The Red Scarf

Peter Mostovoy’s bitter-sweet autobiographical movie, The Red Scarf, exposes the hypocritical pretensions of a society that celebrated egalitarianism and brotherhood but that denied equal opportunities to one of its national minorities.

It will be screened online by the Toronto Jewish Film Festival, which runs from June 3-13.

Mostovoy, a cinematographer and director, is a distinguished filmmaker, having made two feature films and more than 40 documentaries. The son of a Red Army officer, he set out to be a scientist, but was drawn to cinema after watching an inspirational Soviet movie.

As he discovered as a young adult, a Jewish person in the Soviet Union had no alternative but to lower his or her career expectations due to the prevalence of antisemitism, which had been outlawed by the Communist regime early in its history.

Mostovoy, born in 1938, had a contented childhood. Like so many of his contemporaries, he did not realize his motherland was governed by a totalitarian system that brooked no dissent and favored ethnic Russians.

In 1960, in his final year of studies at a scientific institute in Leningrad, he and a friend decided to earn a little pocket money by selling a used jumper at a weekly flea market. To attract a buyer, they did something unusual for the times. They made an innocuous poster advertising their product. Much to their surprise, they were arrested, taken to KGB headquarters, and informed they had broken the law.

Mostovoy’s non-Jewish friend was given the opportunity to recant for this misdemeanor, but he remained defiant. Mostovoy, however, was immediately labelled as “untrustworthy.” In short order, he and his friend were expelled from the institute, and he was conscripted into the navy.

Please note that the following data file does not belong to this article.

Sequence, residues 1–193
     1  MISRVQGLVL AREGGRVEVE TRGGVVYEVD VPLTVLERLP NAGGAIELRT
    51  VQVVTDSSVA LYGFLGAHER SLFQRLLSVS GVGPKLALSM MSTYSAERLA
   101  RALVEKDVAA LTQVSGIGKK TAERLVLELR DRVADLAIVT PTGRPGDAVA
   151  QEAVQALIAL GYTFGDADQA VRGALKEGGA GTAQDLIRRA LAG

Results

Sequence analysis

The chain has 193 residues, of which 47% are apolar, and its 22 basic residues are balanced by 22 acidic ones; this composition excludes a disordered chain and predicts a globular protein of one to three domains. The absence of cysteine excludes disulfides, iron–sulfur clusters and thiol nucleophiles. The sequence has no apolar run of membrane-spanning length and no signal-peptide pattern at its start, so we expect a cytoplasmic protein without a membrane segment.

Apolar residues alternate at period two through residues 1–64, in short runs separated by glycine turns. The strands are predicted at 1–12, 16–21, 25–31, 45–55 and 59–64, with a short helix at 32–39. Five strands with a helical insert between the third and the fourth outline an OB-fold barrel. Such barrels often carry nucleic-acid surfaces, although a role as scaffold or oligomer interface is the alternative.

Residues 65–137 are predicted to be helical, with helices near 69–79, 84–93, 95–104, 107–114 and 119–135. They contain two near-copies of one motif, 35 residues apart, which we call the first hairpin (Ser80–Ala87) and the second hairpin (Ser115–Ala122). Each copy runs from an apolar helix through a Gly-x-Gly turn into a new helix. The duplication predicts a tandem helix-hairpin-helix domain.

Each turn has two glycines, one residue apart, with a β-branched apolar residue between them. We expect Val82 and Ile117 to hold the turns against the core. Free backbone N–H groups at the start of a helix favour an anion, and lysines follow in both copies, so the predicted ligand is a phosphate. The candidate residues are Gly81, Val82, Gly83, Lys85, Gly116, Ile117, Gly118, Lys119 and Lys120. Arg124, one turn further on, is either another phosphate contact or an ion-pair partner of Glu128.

His father, a major and a war veteran, intervened. He convinced a panel of judges that his wayward son was a “true” Soviet patriot. Assigned to work in a factory for a year, Mostovoy was subsequently reinstated by the institute. He received his diploma and accepted a job at a scientific research facility.

Mostovoy was smitten by films after seeing a legendary Soviet movie, The Cranes Are Flying. He submitted an application form to a cinematography school and passed the entry exam, only to be told there was a place for only one Jew per academic session. Another Jewish applicant was accepted, and Mostovoy was crushed.

Undeterred by the stinging rejection, he and a friend produced an independent documentary, Living Water, about Leningrad’s white nights in summer. Finished in 1965, it won prizes at amateur film festivals. Mostovoy showed it to the director Valery Solovtzev, who was impressed by its craftsmanship.

Peter Mostovoy

He hired Mostovoy as a cameraman’s deputy assistant, a position that enabled him to land a job as a cinematographer with another director, Pavel Kogan. He was making a film about the fabled Hermitage Museum. Kogan’s documentary, Look At the Face, won renown.

He and Mostovoy teamed up again to make a film about bohemian cafe life in Leningrad, but the studio that had commissioned it found it politically appalling and ordered it to be destroyed. Mostovoy kept an unregistered copy.

In 1968, Mostovoy directed his first film, Only Three Lessons, which earned the top prize at the Krakow International Film Festival. Mostovoy moved to Moscow in the early 1970s, but no movie studio was willing to hire him, claiming his films flouted Soviet cultural conventions. In fact, he was the victim yet again of state antisemitism.

The Soviet Union had severed diplomatic relations with Israel during the 1967 Six Day War, and Soviet Jews were adversely affected by Moscow’s pro-Arab stance. As Mostovoy, the narrator of The Red Scarf, says, “Jews were subjected to a policy of ‘don’t promote, don’t hire.'”

After four years of apparent joblessness, he finally landed a job on a movie, but midway through it, he was summoned to Communist Party headquarters and accused of conspiring to make a “Zionist” film. The powers-that-be ordered him to delete all the scenes in which a Jewish character appeared.

Peter Mostovoy was tormented by the totalitarian Soviet system

Several years later, an apparatchik at the Ministry of Cinematography removed his privilege to travel abroad.

With the advent of perestroika in the mid-1980s, a tide of liberalism swept over the Soviet Union, and Mostovoy acquired a good position in the movie industry.

He and his wife immigrated to Israel in 1993, a decision he leaves unexplained, but which was probably motivated by his desire to live in a free country that accepts him on his own merits. Since then, as a freelancer, he has directed a succession of films.